Celebrating 150 Years of The Heart of Wales Line

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Photographer Stephen Miles

From transporting freight in the early days and soldiers in WW1, the Heart of Wales Line has stories to tell across generations.

The line was orginally built to transport coal and other freight from South Wales up north to the busy factories of the industrial revolution.

It was one of the few rural lines to survive Beeching’s Axe in the 1960’s and has gone on to become both a major tourist attraction and a rural lifeline.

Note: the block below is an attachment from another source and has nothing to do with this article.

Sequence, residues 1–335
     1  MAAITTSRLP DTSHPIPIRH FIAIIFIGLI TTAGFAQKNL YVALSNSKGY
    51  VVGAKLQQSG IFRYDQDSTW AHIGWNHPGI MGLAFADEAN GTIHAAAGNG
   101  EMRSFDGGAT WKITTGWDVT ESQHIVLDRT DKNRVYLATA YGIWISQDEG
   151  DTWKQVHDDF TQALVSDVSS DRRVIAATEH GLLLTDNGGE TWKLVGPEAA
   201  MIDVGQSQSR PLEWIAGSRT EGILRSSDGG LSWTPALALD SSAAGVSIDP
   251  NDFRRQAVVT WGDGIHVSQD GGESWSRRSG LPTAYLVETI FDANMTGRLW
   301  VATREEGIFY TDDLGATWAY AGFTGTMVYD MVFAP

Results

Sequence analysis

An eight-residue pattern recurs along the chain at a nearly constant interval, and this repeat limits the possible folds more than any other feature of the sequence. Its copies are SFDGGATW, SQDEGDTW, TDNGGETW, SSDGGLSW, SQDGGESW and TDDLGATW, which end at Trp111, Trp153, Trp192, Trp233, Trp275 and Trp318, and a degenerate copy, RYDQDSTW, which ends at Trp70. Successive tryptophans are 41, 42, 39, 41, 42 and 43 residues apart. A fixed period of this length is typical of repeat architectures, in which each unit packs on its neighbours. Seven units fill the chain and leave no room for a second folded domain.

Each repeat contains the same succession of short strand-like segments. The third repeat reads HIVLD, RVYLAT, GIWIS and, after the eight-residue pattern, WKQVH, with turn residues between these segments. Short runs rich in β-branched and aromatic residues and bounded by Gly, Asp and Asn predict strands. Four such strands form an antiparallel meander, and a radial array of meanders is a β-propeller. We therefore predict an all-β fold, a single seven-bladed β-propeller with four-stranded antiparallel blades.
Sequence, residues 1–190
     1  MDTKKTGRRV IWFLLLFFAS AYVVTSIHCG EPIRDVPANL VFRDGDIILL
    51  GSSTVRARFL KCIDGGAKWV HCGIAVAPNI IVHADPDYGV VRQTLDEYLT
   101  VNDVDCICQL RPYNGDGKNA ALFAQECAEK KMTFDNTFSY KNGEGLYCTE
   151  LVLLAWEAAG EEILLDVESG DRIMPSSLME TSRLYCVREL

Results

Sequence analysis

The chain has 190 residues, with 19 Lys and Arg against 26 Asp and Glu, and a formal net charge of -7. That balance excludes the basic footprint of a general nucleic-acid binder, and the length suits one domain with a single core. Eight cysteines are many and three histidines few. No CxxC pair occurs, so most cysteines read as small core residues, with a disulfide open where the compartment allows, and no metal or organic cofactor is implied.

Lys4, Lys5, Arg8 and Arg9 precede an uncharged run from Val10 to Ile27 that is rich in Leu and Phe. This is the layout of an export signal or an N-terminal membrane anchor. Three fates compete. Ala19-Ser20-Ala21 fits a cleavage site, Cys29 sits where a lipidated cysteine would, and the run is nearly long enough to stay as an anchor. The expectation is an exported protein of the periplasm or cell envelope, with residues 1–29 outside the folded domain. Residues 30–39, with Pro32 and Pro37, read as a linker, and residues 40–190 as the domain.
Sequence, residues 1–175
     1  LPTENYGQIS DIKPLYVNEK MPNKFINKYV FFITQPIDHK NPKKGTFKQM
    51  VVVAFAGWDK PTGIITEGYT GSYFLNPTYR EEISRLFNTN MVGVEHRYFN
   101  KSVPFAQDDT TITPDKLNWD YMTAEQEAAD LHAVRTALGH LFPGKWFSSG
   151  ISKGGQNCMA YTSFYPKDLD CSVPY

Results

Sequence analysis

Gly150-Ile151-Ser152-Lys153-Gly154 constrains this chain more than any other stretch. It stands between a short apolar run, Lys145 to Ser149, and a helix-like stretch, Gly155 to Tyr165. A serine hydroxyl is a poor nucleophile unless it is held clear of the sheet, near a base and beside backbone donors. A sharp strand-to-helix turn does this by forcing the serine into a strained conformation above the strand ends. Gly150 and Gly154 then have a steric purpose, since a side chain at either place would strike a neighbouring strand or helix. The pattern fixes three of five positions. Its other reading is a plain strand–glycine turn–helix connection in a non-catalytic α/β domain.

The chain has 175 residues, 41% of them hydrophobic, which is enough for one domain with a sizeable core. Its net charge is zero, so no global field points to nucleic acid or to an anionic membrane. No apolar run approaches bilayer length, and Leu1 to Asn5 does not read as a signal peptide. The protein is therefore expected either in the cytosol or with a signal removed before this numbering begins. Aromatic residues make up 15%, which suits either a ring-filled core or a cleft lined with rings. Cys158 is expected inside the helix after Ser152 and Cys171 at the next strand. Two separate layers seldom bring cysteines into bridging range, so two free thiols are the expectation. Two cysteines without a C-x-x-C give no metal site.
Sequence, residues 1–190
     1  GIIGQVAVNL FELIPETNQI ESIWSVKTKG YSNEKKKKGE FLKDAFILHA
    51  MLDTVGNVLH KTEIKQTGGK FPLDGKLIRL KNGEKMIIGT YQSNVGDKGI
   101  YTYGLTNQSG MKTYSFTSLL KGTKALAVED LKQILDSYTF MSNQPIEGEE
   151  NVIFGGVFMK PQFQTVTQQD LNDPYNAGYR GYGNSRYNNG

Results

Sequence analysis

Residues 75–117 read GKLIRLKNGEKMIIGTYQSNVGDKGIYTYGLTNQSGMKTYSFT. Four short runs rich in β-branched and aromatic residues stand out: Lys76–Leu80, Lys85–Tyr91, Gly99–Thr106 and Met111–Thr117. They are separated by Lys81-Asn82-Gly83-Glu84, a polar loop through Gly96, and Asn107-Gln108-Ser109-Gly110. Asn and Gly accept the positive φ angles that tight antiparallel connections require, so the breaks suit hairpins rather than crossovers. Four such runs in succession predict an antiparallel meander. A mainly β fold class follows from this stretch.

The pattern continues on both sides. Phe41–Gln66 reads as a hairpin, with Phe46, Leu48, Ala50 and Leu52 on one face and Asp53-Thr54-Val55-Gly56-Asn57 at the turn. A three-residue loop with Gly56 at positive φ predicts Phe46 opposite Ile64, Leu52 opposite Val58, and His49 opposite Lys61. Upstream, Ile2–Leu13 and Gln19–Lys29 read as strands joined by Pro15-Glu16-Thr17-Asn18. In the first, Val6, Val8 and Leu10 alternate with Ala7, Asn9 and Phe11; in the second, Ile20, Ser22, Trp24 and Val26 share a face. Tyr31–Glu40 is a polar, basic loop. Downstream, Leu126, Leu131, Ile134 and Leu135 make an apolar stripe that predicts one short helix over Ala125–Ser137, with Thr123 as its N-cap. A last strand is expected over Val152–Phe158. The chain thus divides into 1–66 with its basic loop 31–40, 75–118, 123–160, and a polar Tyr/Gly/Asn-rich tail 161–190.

Running from Swansea to Shrewsbury, the Heart of Wales line leaves the main line at Llanelli, and then re-joins the main line at Craven Arms.

The through route was finally opened when the line from Llandovery to Llandrindod Wells was opened in 1868, crossing the magnificent Cynghordy viaduct, then climbing to 250m, before entering a 915m tunnel at the Sugar Loaf.

Presently there are 29 stations or halts all of which are looked after by volunteers.

Timetables can be seen at www.theheartofwalestrainline.co.uk